Tay District Salmon Fisheries Board

Protecting and Improving The Tay System

Hymalayan Balsam Flower and Seed pods



Certain species of non-native plants, notably Himalayan balsam, Japanese knotweed and to a lesser extent giant hogweed are making rapid encroachments on parts of the Tay system, as in many other Scottish rivers. These species are aggressive and spread rapidly, crowding out native plant species and have a general detrimental effect on river ecology. Japanese knotweed in particular is not easy to control. Before, these species become even more dominant than they currently are, management is urgently required. The Board is a partner in the Scottish Invasive Species (SISI) project which aims to control invasive plants and other species like mink in northern Scotland. Other partners in this 4 year Heritage Lottery funded project include SNH and other fishery boards and trusts. The Tay shares an officer, Mark Purman Charles, with the neighbouring Esk board. Mark is busy organising and training volunteers and where necessary, contractors. However, SISI only covers the eastern half of the Tay catchment and does not cover the Earn or Fife. If you live in this area and wish to participate in invasives control or have work done on your land please contact Mark at markeskrivers@gmail.com. Further details of the Scottish Invasive Species Initiative can be found at here. Of course, there are invasives out with the SISI project area too. Japanese knotweed is actually most abundant of all along the River Earn. Working with volunteers from the River Earn Improvement Assocation, board staff identified a total surface area of over 50,000 square metres of Japanese knotweed between St Fillans and Crieff alone in the summer of 2019. The Board is keen to work with REIA and the Tay Rivers Trust to produce a sustainable strategy for managing this major problem on the River Earn and other areas out-with SISI.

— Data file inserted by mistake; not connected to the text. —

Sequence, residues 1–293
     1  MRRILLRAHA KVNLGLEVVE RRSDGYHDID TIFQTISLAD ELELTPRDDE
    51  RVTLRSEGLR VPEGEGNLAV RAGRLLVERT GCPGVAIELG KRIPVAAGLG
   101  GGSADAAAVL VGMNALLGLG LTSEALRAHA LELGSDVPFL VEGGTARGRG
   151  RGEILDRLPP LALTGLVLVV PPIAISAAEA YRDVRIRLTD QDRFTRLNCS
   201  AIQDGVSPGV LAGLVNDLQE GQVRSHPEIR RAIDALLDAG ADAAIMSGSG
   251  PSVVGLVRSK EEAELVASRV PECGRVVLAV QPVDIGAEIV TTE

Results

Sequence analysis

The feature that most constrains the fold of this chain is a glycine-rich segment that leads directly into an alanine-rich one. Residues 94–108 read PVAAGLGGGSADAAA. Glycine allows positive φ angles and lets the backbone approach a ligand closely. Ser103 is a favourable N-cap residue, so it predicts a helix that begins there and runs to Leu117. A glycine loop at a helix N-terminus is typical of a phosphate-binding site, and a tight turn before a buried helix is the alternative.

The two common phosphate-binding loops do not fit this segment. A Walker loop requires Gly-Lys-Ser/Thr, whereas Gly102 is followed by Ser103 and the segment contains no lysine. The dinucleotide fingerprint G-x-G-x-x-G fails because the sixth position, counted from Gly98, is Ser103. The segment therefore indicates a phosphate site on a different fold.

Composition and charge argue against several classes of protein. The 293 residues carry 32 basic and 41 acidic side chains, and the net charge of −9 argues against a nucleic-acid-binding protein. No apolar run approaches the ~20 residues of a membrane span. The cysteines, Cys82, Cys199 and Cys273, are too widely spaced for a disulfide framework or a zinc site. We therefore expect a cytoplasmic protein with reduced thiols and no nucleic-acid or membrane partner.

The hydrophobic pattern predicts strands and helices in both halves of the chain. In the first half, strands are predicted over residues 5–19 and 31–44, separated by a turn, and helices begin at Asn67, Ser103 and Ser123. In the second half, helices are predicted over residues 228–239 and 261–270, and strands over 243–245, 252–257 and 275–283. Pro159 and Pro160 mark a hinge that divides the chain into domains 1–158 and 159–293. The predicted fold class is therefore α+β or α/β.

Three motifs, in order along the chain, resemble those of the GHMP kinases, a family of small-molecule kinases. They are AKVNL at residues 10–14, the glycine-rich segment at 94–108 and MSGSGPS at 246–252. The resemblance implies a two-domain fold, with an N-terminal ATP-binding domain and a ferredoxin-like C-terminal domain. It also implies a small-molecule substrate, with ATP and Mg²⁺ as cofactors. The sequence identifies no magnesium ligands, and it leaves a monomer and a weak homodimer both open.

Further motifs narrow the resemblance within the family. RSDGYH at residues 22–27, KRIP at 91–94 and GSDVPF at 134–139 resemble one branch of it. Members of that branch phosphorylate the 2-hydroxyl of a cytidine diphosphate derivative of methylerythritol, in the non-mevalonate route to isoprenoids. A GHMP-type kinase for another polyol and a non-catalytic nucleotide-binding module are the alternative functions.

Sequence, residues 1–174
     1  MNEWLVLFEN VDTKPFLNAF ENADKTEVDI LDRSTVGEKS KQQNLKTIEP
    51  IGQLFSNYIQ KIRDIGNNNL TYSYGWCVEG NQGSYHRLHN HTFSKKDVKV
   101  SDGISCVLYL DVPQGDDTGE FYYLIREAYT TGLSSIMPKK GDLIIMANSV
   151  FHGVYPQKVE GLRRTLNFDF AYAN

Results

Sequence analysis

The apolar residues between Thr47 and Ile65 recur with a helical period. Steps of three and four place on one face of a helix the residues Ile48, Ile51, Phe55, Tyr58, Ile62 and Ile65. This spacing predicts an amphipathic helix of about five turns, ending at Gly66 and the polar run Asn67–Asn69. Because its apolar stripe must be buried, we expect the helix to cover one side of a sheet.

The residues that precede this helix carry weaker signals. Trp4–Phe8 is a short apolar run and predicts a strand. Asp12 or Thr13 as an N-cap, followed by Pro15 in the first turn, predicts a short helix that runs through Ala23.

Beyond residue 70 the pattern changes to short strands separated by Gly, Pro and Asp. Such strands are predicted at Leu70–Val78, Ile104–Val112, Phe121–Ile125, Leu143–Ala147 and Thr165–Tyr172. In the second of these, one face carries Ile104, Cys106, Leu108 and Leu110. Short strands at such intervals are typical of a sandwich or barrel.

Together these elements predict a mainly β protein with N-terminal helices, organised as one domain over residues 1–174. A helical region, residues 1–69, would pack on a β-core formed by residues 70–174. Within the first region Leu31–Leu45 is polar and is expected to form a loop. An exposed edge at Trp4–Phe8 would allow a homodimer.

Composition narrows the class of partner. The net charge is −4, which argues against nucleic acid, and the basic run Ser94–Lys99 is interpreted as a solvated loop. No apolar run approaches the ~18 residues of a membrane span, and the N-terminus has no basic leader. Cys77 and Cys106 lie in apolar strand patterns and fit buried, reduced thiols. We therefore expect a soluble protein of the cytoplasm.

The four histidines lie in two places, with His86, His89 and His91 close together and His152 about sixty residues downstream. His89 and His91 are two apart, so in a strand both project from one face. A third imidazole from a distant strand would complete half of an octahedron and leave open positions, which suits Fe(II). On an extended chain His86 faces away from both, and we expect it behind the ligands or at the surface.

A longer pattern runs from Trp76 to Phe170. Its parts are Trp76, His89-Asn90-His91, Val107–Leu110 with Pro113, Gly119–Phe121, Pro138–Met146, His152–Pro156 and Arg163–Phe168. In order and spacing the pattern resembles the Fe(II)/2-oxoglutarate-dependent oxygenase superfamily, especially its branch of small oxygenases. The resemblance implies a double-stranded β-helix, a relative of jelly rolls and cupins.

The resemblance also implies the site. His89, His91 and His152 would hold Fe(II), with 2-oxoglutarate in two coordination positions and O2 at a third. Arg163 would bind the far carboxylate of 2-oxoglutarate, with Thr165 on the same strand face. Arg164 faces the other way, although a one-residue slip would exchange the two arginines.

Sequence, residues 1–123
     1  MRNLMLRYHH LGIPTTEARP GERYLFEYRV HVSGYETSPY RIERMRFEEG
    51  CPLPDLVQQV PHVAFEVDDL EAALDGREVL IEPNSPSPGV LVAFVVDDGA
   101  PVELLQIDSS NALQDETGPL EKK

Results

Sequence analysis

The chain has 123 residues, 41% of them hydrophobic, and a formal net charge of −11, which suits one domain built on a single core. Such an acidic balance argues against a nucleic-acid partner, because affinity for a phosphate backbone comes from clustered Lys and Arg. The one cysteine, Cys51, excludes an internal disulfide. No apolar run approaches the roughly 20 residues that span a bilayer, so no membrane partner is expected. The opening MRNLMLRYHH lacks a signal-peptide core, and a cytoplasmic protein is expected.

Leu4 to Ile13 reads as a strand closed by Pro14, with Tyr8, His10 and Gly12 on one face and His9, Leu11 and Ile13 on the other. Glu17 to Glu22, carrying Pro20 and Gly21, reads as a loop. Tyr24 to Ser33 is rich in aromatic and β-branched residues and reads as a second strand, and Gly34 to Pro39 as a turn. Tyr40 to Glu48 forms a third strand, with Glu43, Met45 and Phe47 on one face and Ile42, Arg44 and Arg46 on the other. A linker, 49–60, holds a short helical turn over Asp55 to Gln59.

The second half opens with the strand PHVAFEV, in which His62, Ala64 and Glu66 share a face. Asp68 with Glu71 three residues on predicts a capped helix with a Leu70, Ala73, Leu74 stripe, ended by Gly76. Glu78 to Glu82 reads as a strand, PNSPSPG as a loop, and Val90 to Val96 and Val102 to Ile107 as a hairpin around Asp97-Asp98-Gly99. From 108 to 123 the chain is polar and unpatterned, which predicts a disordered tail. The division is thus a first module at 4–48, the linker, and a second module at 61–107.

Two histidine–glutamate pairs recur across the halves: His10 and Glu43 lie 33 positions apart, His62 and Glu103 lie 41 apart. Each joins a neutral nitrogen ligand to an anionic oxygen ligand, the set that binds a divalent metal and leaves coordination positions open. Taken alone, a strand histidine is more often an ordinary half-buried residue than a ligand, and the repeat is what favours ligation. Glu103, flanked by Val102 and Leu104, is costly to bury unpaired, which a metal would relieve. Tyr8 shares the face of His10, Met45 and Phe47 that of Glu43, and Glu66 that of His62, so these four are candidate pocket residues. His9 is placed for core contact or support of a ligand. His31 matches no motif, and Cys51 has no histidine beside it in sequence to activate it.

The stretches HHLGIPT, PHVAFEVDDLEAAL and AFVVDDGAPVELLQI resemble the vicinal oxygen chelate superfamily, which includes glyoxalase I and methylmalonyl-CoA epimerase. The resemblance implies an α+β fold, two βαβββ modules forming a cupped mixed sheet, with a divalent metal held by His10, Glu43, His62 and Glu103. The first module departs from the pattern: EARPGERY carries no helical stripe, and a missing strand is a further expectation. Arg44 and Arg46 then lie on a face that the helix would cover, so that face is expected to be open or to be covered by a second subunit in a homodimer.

Spraying Knotweed on the Earn catchment